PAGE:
WATCH joins diabetes initiative
By Phyllis Moore
Published in News on October 28, 2004 2:00 PM
WATCH has been chosen to participate in a state program to help improve the care of patients with diabetes.
Kathy Johnson, family nurse practitioner with WATCH, told the board of directors Wednesday that the state is working with health care professionals to study ways to better manage diabetes.
The N.C. Chronic Disease Management Collaborative began the effort in 2003 with a focus on diabetes. In 2004, its role expanded to include cardiovascular disease.
"Heart disease and diabetes are the top things we see" in the local WATCH program, Ms. Johnson said.
The affiliation began in August, she said. The emphasis for the year will be monitoring lab results and educating patients.
The state asked WATCH to select 100 diabetes patients for the study. Ms. Johnson said that would not be hard since WATCH caters to about 600 affected by the disease.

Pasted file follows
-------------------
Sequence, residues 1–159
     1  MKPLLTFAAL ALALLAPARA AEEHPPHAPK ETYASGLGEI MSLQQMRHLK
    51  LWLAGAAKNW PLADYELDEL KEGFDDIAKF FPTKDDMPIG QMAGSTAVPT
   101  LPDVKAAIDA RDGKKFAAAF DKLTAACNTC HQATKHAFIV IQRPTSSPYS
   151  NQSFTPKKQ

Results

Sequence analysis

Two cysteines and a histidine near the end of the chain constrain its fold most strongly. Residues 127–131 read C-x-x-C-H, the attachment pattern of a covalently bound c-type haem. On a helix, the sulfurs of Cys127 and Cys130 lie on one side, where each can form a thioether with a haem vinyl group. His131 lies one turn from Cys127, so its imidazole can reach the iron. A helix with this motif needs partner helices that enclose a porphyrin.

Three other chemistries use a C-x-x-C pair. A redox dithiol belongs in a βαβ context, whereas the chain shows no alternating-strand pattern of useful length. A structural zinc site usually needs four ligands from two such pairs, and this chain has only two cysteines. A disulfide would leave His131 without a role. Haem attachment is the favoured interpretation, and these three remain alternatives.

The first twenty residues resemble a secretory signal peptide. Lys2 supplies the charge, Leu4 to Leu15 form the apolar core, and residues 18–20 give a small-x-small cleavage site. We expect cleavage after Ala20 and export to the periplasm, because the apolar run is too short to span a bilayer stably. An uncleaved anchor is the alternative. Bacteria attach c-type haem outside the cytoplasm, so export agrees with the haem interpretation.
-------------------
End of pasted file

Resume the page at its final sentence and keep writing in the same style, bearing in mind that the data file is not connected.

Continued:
Participants will be profiled in a database and monitored regularly. They will be studied individually and as a group.
"They will be targeted a lot according to lab results, such as liver and kidney function tests, developing proper goals, and managing diabetes for themselves," she said.
She said the program will mean more organized care for WATCH patients and allows the staff to work together to ensure better care.
A byproduct has been the support from those in the community, Ms. Johnson said.
"We're focusing on education of our patients," she said.
She said representatives from WADEC, Wayne Area Diabetes and Endocrine Center, come once a month, providing classes with a nutritionist and diabetes educator. Regular foot checks and eye exams are also offered.
Mitchell's Eye Care Center recently offered its services to do dilated eye exams. The Goldsboro Lions Club and the state's Division for the Blind will also work with those who need glasses.
"It's taken a long time for us to get some of these resources in place," Ms. Johnson said. "It's such a gift."
But the gift will ultimately not be limited to those chosen to participate in the program, she said.
"There will be spillover," she said. "The mindset is that in the process of working together, all that we learn and can pass on, affects more patients than just the 100."
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